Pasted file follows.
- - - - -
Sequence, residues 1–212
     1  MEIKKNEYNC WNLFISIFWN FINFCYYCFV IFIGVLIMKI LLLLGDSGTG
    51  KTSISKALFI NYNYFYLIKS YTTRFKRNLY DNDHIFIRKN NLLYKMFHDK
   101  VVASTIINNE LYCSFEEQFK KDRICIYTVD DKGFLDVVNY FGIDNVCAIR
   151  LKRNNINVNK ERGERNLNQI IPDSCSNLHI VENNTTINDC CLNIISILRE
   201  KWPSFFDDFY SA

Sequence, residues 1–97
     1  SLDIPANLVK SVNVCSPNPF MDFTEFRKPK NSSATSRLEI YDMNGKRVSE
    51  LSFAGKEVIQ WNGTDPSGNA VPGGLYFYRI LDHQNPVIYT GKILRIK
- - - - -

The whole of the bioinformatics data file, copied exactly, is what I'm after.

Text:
Sequence, residues 1–212
     1  MEIKKNEYNC WNLFISIFWN FINFCYYCFV IFIGVLIMKI LLLLGDSGTG
    51  KTSISKALFI NYNYFYLIKS YTTRFKRNLY DNDHIFIRKN NLLYKMFHDK
   101  VVASTIINNE LYCSFEEQFK KDRICIYTVD DKGFLDVVNY FGIDNVCAIR
   151  LKRNNINVNK ERGERNLNQI IPDSCSNLHI VENNTTINDC CLNIISILRE
   201  KWPSFFDDFY SA

Sequence, residues 1–97
     1  SLDIPANLVK SVNVCSPNPF MDFTEFRKPK NSSATSRLEI YDMNGKRVSE
    51  LSFAGKEVIQ WNGTDPSGNA VPGGLYFYRI LDHQNPVIYT GKILRIK